In summary, apart from the external circumstances of a tight budgetary environment that has placed extra emphasis on identifying resources, good financial management housekeeping dictates that accountable personnel as a matter of course be diligent in identifying and recouping uncommitted, unobligated, and unexpended funds.  This is the “carry-over” often referred to by public administration professionals.  That earned value is used as an early indicator of these groups is a proactive practice.  But contracting officers and program managers must understand that it is only that–an indicator.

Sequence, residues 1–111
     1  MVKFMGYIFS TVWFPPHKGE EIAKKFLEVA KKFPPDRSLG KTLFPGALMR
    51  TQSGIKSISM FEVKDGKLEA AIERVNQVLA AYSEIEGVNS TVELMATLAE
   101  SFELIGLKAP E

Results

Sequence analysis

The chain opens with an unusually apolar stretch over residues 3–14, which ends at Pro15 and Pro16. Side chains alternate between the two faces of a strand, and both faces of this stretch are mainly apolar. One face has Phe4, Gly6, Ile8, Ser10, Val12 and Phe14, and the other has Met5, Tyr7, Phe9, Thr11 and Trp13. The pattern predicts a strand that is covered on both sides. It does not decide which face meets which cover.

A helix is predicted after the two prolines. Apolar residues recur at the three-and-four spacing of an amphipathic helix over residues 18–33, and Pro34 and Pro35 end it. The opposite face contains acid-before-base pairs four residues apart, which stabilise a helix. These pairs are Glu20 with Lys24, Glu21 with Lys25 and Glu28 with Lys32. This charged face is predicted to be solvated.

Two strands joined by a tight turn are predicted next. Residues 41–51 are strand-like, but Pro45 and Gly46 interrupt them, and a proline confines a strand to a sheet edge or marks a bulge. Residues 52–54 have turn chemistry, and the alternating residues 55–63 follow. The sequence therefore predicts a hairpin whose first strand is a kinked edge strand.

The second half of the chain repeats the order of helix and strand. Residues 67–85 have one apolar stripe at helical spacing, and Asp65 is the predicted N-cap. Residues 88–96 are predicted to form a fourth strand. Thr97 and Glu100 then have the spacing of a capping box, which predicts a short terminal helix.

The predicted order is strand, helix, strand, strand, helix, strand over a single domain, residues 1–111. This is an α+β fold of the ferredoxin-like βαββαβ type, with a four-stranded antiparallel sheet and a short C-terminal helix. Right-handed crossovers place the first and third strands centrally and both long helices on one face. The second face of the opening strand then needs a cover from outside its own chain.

These professionals must also understand the nature of the work and the manner of planning.  I have seen cases, particularly in software development efforts, where risk did not manifest in certain accounts until the last 5% to 10% of work was scheduled to be performed.  No doubt this was due to front-loaded planning, pushing risk to the right, and some other defects in project structure, processes, and planning.  Regardless, these conditions exist and it behooves contracting and project professionals to be aware that work that appears to be performing ahead of cost and schedule plans may reflect a transient condition.

Note:  This content of this article was greatly influenced by the good work of Michael Pelkey in the Office of the Secretary of Defense, though I take full responsibility for the opinions expressed herein, which are my own.